Facebook and YouTube Blocked in Pakistan

After the court's decision, the PTA ordered all the operators in the country to block the website, www.facebook.com, until further orders. It said the directives had been issued by the ministry of information technology and telecommunication in view of the LHC's order. All the ISPs of Pakistan have blocked access to all the hosting servers of www.facebook.com. ...all the Mobile Network Operators of BlackBerry Services in Pakistan were also trying to block access to the FaceBook.com but they could not do it because the Blackberry Services are routed through RIM... more

Thailand's Blacklist of Newly Banned Websites Leaked

Whistleblower website WikiLeaks has released the list of newly blacklisted websites by Thailand's Ministry of Information and Communication Technology (MICT). The list was leaked by advisory board member CJ Hinke, director of Freedom Against Censorship Thailand, according the WikiLeaks website. From WikiLeaks' announcement: "The 1,203 blocked websites are located in Australia, Brazil, Canada, Czech Republic, France, Germany, Hong Kong, Hungary, India, Ireland, Israel, Italy, Japan, Mexico, The Netherlands, New Zealand, Poland, Russia, South Korea, Spain, Sweden and Vietnam..." more

Alignment of Interests in DNS Blocking

I've written recently about a general purpose method called DNS Response Policy Zones (DNS RPZ) for publishing and consuming DNS reputation data to enable a market between security companies who can do the research necessary to find out where the Internet's bad stuff is and network operators who don't want their users to be victims of that bad stuff... During an extensive walking tour of the US Capitol last week to discuss a technical whitepaper with members of both parties and both houses of the legislature, I was asked several times why the DNS RPZ technology would not work for implementing something like PROTECT-IP. more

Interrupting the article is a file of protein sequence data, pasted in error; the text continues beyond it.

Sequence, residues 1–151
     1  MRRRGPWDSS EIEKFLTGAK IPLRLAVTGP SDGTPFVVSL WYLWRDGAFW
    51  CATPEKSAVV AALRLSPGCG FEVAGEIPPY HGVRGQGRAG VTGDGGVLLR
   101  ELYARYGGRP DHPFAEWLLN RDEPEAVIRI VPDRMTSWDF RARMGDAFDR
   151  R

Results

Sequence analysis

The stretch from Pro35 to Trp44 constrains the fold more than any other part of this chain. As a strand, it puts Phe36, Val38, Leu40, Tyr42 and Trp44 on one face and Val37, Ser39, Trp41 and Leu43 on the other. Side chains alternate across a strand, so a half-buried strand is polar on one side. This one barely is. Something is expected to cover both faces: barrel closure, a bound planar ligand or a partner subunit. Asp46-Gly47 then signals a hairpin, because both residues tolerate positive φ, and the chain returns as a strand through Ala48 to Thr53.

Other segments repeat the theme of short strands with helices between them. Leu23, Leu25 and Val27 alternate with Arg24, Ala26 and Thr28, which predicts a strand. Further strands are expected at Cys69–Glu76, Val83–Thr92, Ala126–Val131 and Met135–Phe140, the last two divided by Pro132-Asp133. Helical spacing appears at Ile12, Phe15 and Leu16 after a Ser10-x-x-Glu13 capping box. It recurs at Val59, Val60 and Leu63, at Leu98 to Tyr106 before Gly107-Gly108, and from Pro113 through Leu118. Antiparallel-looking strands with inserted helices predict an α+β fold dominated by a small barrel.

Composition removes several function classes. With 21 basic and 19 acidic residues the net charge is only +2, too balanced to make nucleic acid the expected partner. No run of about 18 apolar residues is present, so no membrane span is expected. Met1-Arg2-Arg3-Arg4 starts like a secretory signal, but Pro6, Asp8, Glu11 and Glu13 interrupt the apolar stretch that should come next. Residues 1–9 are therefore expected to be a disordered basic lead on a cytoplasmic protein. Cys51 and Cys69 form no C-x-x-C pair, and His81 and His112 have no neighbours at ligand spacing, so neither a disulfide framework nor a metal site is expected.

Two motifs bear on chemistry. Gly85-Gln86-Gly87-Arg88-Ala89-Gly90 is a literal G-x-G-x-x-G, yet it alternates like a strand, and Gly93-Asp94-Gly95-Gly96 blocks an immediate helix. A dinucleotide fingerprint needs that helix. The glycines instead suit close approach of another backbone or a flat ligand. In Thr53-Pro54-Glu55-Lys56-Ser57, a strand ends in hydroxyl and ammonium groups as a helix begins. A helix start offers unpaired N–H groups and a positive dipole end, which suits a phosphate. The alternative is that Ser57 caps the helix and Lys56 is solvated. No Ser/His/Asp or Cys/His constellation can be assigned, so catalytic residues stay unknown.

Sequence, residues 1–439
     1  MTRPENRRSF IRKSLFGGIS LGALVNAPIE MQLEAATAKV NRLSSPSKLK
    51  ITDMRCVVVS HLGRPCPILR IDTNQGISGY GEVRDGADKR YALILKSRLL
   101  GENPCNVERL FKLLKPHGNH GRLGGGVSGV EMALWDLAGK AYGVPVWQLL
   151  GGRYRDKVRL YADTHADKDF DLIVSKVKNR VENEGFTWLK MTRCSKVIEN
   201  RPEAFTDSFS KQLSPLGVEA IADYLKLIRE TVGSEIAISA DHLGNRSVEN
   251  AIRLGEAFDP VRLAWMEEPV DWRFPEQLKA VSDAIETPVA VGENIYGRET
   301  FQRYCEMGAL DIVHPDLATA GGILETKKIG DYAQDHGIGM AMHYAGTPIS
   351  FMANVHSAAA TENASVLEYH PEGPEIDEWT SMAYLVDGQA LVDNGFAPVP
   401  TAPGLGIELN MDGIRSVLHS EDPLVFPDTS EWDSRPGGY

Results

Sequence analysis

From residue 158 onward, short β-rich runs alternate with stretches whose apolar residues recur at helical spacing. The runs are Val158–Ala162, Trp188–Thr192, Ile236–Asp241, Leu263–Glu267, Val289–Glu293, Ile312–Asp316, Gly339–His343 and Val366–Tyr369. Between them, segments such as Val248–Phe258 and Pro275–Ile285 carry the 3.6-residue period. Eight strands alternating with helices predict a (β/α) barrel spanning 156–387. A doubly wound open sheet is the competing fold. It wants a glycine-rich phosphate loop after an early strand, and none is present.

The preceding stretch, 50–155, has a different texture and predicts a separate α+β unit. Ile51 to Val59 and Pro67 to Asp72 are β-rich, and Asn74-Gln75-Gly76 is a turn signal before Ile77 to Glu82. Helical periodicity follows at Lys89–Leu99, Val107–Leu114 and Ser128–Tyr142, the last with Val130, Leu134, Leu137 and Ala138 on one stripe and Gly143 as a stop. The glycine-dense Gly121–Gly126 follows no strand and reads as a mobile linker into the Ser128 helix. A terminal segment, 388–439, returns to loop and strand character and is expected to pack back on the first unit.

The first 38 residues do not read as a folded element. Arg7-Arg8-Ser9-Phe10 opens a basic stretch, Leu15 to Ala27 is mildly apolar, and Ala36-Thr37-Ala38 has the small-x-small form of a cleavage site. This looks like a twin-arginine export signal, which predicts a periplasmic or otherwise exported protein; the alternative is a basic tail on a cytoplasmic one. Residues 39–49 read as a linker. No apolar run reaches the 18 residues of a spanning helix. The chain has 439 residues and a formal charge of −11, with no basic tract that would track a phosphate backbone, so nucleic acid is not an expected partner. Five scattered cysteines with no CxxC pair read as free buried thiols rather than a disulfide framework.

Catalan Government Claims Spanish Online Censorship Breaching EU Laws

The Catalan government has written to the European Commission claiming that the Spanish government is in breach of EU law. In a letter from Jordi Puigneró Secretary of Telecommunications, Cybersecurity and the Digital Society at the Government of Catalonia addressed to Andrus Ansip, European Commissioner for Digital Economy and Society, the Catalan government calls out the moves by the Madrid government as censorship. more

When Did We Give Away the Internet?

I've been following the recent news on the World Summit on the Information Society, and it's getting really bizarre. The Wired article is one example of out of the out-of-this-world coverage on the World Summit; I heard a similar spin yesterday on a radio show that often shares material with the BBC. What king or dictator or bureaucrat has signed the document giving power over the Internet to one organization or another? Did I miss the ceremony? One laughable aspect of news reportage is that the founders and leaders of ICANN always avowed, with the utmost unction, that they were not trying to make policy decisions and were simply tinkering with technical functions on the Internet.  more

Wikileaks Calls for Boycott of Domain Registrar eNom

In the aftermath of the shutdown of Wikileaks.org by a court order issued at the request of Swiss Bank Julius Baer, Wikileaks has called for the boycott of registrar eNom. eNom is best known as the domain registrar that complied with the federal government's order to shut down a Spanish travel agency because it did business with Cuba -- the agency was not under U.S. jurisdiction and so was hardly violating U.S. law, but their domain was registered in the United States, and that was good enough for the feds. more

China Hacks Google, Etc.

Many news sources are reporting on how Google and other corporations were hacked by China. The reports, depending on vendor, blame either PDF files via email as the original perpetrator, or lay most of the blame on an Internet Explorer 0day. more